Intrasexual territoriality and the spatial and social behaviour of captive feral ferrets (Mustela furo L., Carnivora: Mustelidae).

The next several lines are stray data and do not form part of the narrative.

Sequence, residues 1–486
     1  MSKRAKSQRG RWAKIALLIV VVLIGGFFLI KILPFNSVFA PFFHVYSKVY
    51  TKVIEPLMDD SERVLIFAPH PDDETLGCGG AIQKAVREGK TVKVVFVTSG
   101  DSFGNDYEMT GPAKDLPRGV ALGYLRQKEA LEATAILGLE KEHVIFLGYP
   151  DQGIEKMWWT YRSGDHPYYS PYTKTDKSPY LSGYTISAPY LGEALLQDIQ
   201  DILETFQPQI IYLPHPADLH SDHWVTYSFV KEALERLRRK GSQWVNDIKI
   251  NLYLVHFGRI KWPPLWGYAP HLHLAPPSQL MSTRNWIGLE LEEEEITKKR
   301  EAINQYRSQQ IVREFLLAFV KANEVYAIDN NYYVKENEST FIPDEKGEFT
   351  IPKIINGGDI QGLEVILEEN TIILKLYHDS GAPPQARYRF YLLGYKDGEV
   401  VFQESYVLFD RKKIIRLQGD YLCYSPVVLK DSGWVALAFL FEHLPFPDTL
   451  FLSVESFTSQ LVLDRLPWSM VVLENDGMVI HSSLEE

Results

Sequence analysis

I observed eight male and five female feral ferrets (Mustela furo) directly and by video camera in a 36 m² outdoor enclosure equipped with six dens and 13 tunnels. Five (Replicate I) and six (Replicate II) social groups were observed at three levels of food availability. I determined their main range and core area sizes, use intensity of dens and core areas, and the extent of spatial and temporal overlap between individuals. I assessed the effect of sex, grouping, density, social status and observation period on these activities. I also determined the effect of food availability on main range and core area sizes, use intensity of the arena, dens and core areas, spatial and temporal overlap and social status. The ferrets were observed in both mating and non-mating periods and these data were compared. I also determined the effect of food availability, mating period, social status, density and group composition on the ferrets' behaviour and daily activity levels. The spatial patterns observed were consistent with previous studies of free-ranging feral ferrets in New Zealand. Males and female main ranges were similar. Main range size increased with increasing ferret density, and their core area use intensity decreased. Dominant males overlapped more in both space and time with females than did subordinate males. There was less den sharing between members of the same sex than between sexes. These observations are consistent with the hypothesis that intrasexual territoriality occurs among wild ferrets. When food was restricted, males' main range size and core area use intensity both decreased. Main range and core area overlap reduced but use intensity of the overlapped areas increased. This reduction in main range size at reduced food availability was most evident when ferret density was high. Restricting food also caused the overlap in main range areas of males and females to reduce and their den temporal overlap to increase. However, changes in food availability had no effect on the relationship between spatial activity and ferrets' social status. I concluded that avoidance to reduce intraspecific competition may be the factor that induces increased dispersion of carnivores during periods of food scarcity. During the mating period both male and female ferrets increased their main ranges and reduced their denning time. Dominant males increased their overlap with females and their exclusion of subordinate males from their main ranges, core areas and dens. During the mating period female spatial behaviour influenced the territorial behaviour of males. During the non-mating period ferrets spent 86% of their time resting, 6% foraging and 3% vigilant. Dominant males rested more than did subordinate males. Ferrets with food in excess of their maintenance requirement spent more time resting than did ferrets with maintenance food or no food. Females rested less, interacted less and mated more than did males. Dominant males rested less, marked more and mated: more than subordinate male ferrets. Based on these findings, I propose a model for variation in home range, territoriality and dispersion of solitary, sexually dimorphic carnivores in relation to changes in prey abundance. I predict that for small intrasexual territorial carnivores, males will progressively reduce their home range and reduce their intrasexual territoriality as prey availability increases from a 'low' and a 'high' threshold; between these thresholds females will show little variation in their home range sizes and intrasexual territoriality. Below the low and above the high thresholds, intrasexual territoriality will break down and the spatial structure of the population will be indeterminate. The hypotheses and predictions raised by this study must be tested with ferrets populations in the field. Nevertheless, according to the predictions of this study predicts that the outcomes of feral ferret control operations in New Zealand will differ depending on the reproductive status of the population. Therefore, control operations could be most effective in the non-mating period when reproductive females are more socially dominant. Finally, I conclude that in order to help in the understanding of the social and behaviour ecology of small carnivores, the described methodology is an effective means of studying in captivity aspects of ferret social organisation and behaviour that would be very difficult to observe in free-ranging animals, provided the findings can be validated by subsequent research on free ranging animals under natural conditions.... [Show full abstract]